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Florida’s new toll roads are supposed to help these counties. But they don’t want it.

Representatives from Gilchrist, Lafayette, Dixie and Marion counties aren’t that enthusiastic about what the state’s biggest expansion of its toll system may bring their home towns.
A map of counties that will involve is displayed during the M-CORES Northern Turnpike Connector Task Force meeting held at the Tampa Convention Center in Tampa, Florida on Tuesday, August 27, 2019.  ["OCTAVIO JONES   |   TIMES"  |  Times]
A map of counties that will involve is displayed during the M-CORES Northern Turnpike Connector Task Force meeting held at the Tampa Convention Center in Tampa, Florida on Tuesday, August 27, 2019. ["OCTAVIO JONES | TIMES" | Times]
Published Aug. 28
Updated Aug. 28

Florida’s three proposed toll roads were sold by politicians and interest groups as a boon for the state’s poor rural areas, which have been left further behind by the last decade of growth.

There’s just one problem: Some of those poor rural areas are highly skeptical of the plan — while some are openly hostile to it.

Commissioners from multiple rural counties say the growth isn’t wanted or would come with high costs in their cash-strapped areas. They expressed their reservations this week in Tampa during the first meeting of task forces that were formed to consider what could become the largest expansion of toll roads in the state since the 1950s.

Lafayette County Commission Chairman Anthony Adams said residents in his county like the fact that, at fewer than 10,000 people, it has the lowest population in the state.

“It’s easy to surmise that they might want their area to remain rural,” Adams said.

Sentiments like that made Tuesday’s meeting a lurching start to the three task force boards, which are made up of local elected officials, interest groups and environmentalists.

Lawmakers this year revived the three toll roads, the latest version to an idea that had been rejected by previous governors. And they created three task forces to recommend where the potential roads should go and how they should be used.

Newsart graphic: [LANGSTON TAYLOR | Tampa Bay Times]

The roads were championed through the Legislature this year by Senate President Bill Galvano, R-Bradenton, with backing by the Florida Chamber of Commerce and road builders.

More than 300 miles of new toll roads with broadband internet and sewer hookups, they said, would revive rural parts of the state and relieve congestion on Florida’s highways. The roads would extend the Suncoast Parkway to Jefferson County, another would extend Florida’s Turnpike to the Suncoast Parkway up to the Georgia border and a third would build an entirely new toll road from Polk County to Collier County.

Transportation Secretary Kevin Thibault kicked off Tuesday’s meeting by calling their work “a defining moment for our state,” but often it was skepticism, not enthusiasm, voiced by board members.

Environmentalists raised several potential problems. Even supporters of the projects, such as the Florida Trucking Association, questioned the premise that new roads would lead to growth.

But it was those counties along the proposed routes, the ones lawmakers implied were on board, that also raised reservations.

In Gilchrist County, commissioners considered drafting a resolution against it.

“I convinced them that we need to be at the table,” Commission Chairman Todd Gray said.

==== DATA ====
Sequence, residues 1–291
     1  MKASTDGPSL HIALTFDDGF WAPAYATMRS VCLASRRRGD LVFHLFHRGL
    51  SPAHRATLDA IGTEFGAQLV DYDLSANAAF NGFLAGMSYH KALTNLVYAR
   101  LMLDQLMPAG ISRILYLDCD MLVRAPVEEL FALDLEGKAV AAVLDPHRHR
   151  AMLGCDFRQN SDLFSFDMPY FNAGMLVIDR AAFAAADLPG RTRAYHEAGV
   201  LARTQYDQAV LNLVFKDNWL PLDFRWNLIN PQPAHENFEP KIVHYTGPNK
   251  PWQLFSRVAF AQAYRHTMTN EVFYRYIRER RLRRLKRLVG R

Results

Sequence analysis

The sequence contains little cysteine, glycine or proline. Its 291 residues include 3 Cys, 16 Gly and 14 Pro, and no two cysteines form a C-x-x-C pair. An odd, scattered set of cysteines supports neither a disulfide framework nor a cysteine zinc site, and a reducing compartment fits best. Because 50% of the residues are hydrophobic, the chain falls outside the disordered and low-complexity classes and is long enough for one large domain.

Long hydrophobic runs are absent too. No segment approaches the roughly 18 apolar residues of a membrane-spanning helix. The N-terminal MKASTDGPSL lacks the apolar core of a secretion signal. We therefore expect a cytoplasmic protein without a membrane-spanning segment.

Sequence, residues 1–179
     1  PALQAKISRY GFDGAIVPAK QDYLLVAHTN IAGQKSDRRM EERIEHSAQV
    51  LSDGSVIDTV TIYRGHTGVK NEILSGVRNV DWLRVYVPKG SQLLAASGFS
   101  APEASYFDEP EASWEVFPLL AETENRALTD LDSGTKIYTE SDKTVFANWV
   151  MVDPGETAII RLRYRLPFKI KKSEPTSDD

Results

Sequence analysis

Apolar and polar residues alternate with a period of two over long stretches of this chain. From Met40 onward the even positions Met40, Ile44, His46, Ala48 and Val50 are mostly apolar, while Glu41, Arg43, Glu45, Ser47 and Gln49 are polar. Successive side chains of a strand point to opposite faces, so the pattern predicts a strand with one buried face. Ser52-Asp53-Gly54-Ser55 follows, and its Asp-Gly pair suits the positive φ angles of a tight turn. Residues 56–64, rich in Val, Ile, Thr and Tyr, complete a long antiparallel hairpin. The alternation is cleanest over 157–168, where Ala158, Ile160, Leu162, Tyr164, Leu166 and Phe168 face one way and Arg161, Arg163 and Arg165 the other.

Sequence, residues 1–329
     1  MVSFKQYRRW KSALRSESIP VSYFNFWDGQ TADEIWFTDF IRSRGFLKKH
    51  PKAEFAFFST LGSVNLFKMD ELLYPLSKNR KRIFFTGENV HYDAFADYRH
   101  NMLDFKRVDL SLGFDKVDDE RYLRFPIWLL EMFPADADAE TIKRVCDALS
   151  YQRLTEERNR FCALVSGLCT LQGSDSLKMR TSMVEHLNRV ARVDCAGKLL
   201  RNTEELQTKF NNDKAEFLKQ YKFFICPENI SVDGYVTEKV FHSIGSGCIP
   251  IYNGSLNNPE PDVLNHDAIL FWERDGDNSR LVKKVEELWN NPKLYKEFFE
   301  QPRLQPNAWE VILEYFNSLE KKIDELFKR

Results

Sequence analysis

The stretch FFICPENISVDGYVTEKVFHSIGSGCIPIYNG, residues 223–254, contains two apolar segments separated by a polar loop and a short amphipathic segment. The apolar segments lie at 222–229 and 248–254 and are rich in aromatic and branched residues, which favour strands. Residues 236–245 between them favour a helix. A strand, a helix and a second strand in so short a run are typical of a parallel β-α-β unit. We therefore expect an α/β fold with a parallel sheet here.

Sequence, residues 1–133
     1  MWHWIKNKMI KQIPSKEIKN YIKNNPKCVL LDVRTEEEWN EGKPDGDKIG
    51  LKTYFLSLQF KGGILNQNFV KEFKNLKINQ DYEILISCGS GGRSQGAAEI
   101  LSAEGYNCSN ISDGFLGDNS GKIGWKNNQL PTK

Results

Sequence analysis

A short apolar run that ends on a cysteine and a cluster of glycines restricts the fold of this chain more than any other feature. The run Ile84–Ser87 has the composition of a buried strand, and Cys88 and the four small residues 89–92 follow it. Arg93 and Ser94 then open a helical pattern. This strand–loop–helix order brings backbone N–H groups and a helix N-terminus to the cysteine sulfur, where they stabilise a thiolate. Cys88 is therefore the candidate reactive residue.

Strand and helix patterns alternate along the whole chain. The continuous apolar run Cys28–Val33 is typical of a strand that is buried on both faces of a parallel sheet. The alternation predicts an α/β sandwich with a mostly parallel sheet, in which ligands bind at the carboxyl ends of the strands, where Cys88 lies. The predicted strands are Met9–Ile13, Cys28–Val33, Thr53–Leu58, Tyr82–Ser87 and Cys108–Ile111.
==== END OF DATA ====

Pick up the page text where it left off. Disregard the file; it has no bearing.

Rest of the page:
In Dixie County, commission Chairman Mark Hatch noted a new road could bring more traffic accidents, which would further stress what little medical care exists in the cash-strapped county.

“Whatever happens on that road, we’ve got to endure the burden of that cost,” Hatch said.

And officials in Marion County, where a potential toll road could connect Florida’s Turnpike to the Suncoast Parkway, have already said they don’t want it.

Ken Armstrong, president and CEO of the Florida Trucking Association, questioned whether economic growth was guaranteed along the route. He noted that Interstate 10 has wide swaths and many interchanges with “zero economic development.”

“I don’t think it’s a foregone conclusion that building a road creates economic development,” he said.

Neither Galvano nor the Department of Transportation had data showing the roads were needed. That lack of necessity is a sharp departure from the normal road-building process, where transportation officials propose new roads only after careful study.

That same lack of necessity was noted by Leon County Commissioner Kristin Dozier, who’s representing the Capital Region Transportation Planning Agency on the Suncoast Parkway task force.

“This does not fit the way we’ve been trained,” Dozier said after the meeting. “If we approached something like this, the state and the feds would not fund us for a project.”

Dozier was quick to add, however, that improving the economy of the region is “a regional conversation we want to have.”

State transportation officials acknowledged afterward that they have basic questions to answer about the proposed roads.

“There’s some obvious things we know we need to take a look at — the economic feasibility, the environmental impacts, that’s obvious,” department spokeswoman Ann Howard said.

Task force members meet at least six more times before their reports are due Oct. 1, 2020.

Kent Wimmer, the senior northwest Florida representative for the nonprofit Defenders of Wildlife, said the task force’s tight deadline gave the impression that the state was going to go ahead with the roads regardless of what they did.

“The Legislature did not give this task force, give (the Department of Transportation), the ability to actually have a well thought-out process,” he said.

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